In her SpineLine commentary of May/June 2015, NASS President, Dr. Heidi Prather, addressed the difficult issue of opioid use in spine care. After an elegant, succinct summary of the problem and its many dimensions, Dr. Prather emphasized the consequences and sequelae of untreated pain, and asked a very thorny question. While recognizing the epidemic of opioid use, which, in my opinion has been incorrectly equated with opioid abuse, she wrote, “What do we have to offer these patients? If we withhold opioids, we do not have many alternatives. We would not think of withholding a treatment for hypertension or diabetes.”
The crisis in opioid misuse is obviously a tremendous health care concern on many levels. Aside from issues of basic patient welfare, the rise in morbidity and mortality from opioids raises multiple ethical and social issues. The primary concern of the provider is to diagnose and treat patients, a concern embedded in responsibility. Not only is the physician obligated to practice and prescribe based on reputable efficacy data, but also to First, do no harm (Primum non nocere). We all took an oath to do this. How can pain be treated without harm?
If the data on opioid deaths due to overdose are any indication, this duty may be impossibly hard to do, as both physicians and the general public get bombarded with alarming statistics. The annual rate of drug overdose deaths (all causes, not just opioids) in the United States is approaching the total number of deaths from the Vietnam War (the entire war), 58,220. In 2015, deaths attributed to opioid overuse accounted for 38% of all lethal drug overdoses (20,101 of 52,404). In contrast, deaths attributed to heroin abuse accounted for 24% of all deaths.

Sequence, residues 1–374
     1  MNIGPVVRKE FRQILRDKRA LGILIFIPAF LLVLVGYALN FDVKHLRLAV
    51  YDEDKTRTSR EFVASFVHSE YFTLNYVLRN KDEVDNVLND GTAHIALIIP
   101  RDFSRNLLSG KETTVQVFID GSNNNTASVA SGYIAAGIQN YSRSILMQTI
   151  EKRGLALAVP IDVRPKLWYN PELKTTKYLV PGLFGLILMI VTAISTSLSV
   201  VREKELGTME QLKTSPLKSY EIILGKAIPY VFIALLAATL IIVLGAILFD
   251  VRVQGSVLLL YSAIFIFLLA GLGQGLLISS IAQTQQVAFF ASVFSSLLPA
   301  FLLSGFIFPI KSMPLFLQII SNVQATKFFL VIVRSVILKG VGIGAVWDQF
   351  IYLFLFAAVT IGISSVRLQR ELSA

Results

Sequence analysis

In Pennsylvania, the Physician General convened the Philadelphia Opioid Task Force which met periodically between January and March 2017. Opioid overdose death rates were found to have been higher in 2016 than in 2015 with white males, ages 45-54 being the highest-risk demographic subgroup. The Task Force also released data on emergency department visits, noting a greater than 50% increase in opioid related complaints since 2007. The Task Force subsequently issued 18 recommendations in four areas: Prevention and Education, Treatment, Overdose Prevention and Involvement of the Criminal Justice System.4 I found two of the recommendations to be of particular interest.
In the Prevention and Education section, recommendation 3 is “Destigmatize addiction and its treatment.” I agree. I would also, however, expand the recommendation to include not only addiction—the overuse of opioids for a purpose distinct from that for which they were initially prescribed—but also habituation, a physiologic phenomenon, and dependence. Perhaps this is semantics, but I feel rather strongly that there are certain patients with chronic benign pain for whom the optimum long-term management strategy may involve chronic opioids. As anyone who has been involved with the management of chronic pain knows, this is not a static situation and the fact that periodic dosage adjustment for increased activity and a resultant increase in pain, or simple habituation may be required. Scenarios such as these should not be misconstrued.